Pix724 is a division of Pix International,LLC(pixintl.com ) Photo Features and Linda Matlow(lindamatlow.com) contact: editorial at pixintl.com
*We may receive commission or product from items discussed or promoted on this website. * This site may contain affiliate links for products we Love!
Our stock photo agencies are not a source of free photos or fan photos.
Please join us as we continue our six-month long #HIALEAHNOW Series at the Retro Future Night presented by Jameson!
It's 2017 and we have self-driving cars, Facetime, Snapchat filters and
SpaceX! We're living in the post-space age and we're about to go to
Mars. Let's celebrate the fantasy and excitement of the post-modern
1960s and pay homage to its vision of our future.
This "Retro Future" indoor New Year's party
will be located in one of Leah Art's District's coolest new locations
and will feature Miami's own time traveler straight from the Bermuda
triangle, Otto Von Schirach. FilmGate Interactive will immerse you into their virtual world,
a 10-minute VR original experience. We're proud to partner with them to
bring you a sneak peak of FilmGate Interactive Creative Conference
coming up on February 3-5. Virtual Relief will create video mapping installations that will completely transform the space surrounding you to zoom you into another plane. Remember III Point's video art installation by Veronica Gessa aka Mokibaby? Her retro TV sets will be LIT at the Leah. Live inside your own painting with Google Tilt Brush to paint in 3D space using the room as your canvas.
Connect with FilmGate Interactive Creative Conference on February 3-5.
About The Leah Arts District
industrial corridor rose to prominence during the 1980s as one of the
largest and busiest areas of production and manufacturing in Florida. As
a result of modernization combined with the effects of outsourcing, the
uses that were once prevalent in the area dissipated and this
particular area was all but abandoned.
Since that time, a medley
of different uses has been incorporated into the area including a heavy
presence of some of Miami-Dade County's most prolific thrift stores.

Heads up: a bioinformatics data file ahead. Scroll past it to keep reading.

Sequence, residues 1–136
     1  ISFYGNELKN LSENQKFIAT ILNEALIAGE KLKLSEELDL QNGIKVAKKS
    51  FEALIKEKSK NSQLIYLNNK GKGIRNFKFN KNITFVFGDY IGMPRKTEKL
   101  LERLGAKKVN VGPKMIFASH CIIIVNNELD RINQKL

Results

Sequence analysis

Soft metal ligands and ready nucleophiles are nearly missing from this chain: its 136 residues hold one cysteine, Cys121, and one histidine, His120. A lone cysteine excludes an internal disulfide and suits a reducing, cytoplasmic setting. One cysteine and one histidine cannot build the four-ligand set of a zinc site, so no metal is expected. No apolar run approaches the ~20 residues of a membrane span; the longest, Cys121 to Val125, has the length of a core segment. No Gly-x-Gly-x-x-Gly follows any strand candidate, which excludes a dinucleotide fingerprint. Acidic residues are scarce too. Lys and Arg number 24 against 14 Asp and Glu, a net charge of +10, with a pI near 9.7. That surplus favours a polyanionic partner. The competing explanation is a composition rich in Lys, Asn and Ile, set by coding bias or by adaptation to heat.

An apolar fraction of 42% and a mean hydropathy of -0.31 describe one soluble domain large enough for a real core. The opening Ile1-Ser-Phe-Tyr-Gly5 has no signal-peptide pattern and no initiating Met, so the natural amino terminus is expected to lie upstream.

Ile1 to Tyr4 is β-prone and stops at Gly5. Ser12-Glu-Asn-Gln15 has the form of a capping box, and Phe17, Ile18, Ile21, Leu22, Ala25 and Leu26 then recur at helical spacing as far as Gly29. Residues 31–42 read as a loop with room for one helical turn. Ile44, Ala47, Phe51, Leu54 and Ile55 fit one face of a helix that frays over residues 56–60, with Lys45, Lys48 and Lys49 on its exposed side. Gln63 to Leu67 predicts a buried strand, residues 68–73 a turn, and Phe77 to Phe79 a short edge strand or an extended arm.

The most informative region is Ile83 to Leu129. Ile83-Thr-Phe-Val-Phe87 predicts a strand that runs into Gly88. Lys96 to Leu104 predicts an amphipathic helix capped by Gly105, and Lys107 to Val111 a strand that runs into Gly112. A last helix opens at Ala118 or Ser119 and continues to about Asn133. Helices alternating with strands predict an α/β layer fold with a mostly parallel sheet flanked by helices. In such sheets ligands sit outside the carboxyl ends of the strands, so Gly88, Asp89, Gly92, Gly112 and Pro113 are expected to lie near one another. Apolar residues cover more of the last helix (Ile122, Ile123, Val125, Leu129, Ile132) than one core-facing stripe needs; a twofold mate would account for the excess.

These thrift stores have
been instrumental in introducing Hialeah to an entire generation of
antique lovers and artists. The Hialeah Artist Live/Work Overlay
District, also known as The Leah Arts District, enjoys a strategic
proximity to the newly proposed Hialeah Market Station development
project, Miami's artistic hubs, and other destination areas within
Miami-Dade County. Because of it's location and highly affordable price
per square footage, Hialeah's new Artist Live / Work District is in a
position to play a vital and important role in the artistic and cultural
development of not only Hialeah, but the entire South Florida
FilmGate Interactive Creative Conference uses new technology to tell innovative stories on February 3-5
The Newberry’s Photographing Freetowns Exhibition Explores Black Life in Jim Crow Kentucky
Highlighting photographs from a new acquisition and historical records on life in Kentucky hamlets
Starting January 20, Photographing Freetowns
will exhibit a series of poignant photographs of African American life
in Depression-era Kentucky. The photographer, Helen Balfour Morrison,
traveled from her home in Evanston to photograph life in the
“freetowns,” also known as “hamlets,” which developed in Kentucky as
all-black communities originally settled by freed slaves after the Civil
War. Her images chart the daily lives of these individuals, picturing
their work, domestic rituals, and social life. “The images from
the freetowns reveal the dignity, independence, and strength of the
people who called them home,” says Martha Briggs, Lloyd Lewis Curator of
Modern Manuscripts at the Newberry. “Morrison’s photographs invite
further investigation to understand the experiences of residents of
these African American communities, as well as the racial dynamics
animating their relationship with a white documentarian.” Morrison lived and
worked on Chicago’s North Shore, where she achieved renown for her
“Great Americans” series, portraits of notable cultural figures such as
Mies van der Rohe, Amelia Earhart, and Frank Lloyd Wright. Beyond the
studio, she experimented with documentary photography in rural Kentucky,
working with the communities in these freetowns throughout the 30s and
40s. The exhibition
concentrates on these ventures outside of her studio, traveling to the
Bluegrass region of Kentucky where Morrison photographed the men, women,
and children of the freetowns at home and at work. When originally
exhibited in the mid-20th century, these photographs garnered critical
acclaim, though they have since faded from prominence in the art world.
This exhibition aims to pose questions (rather than answers) about this
neglected artist and her work, inviting more research into Morrison’s
opus and the relationship between photographer and photographed. The exhibition
will feature nearly 80 of Morrison’s original prints, together with
contextual materials from the Newberry’s collections. Also on view will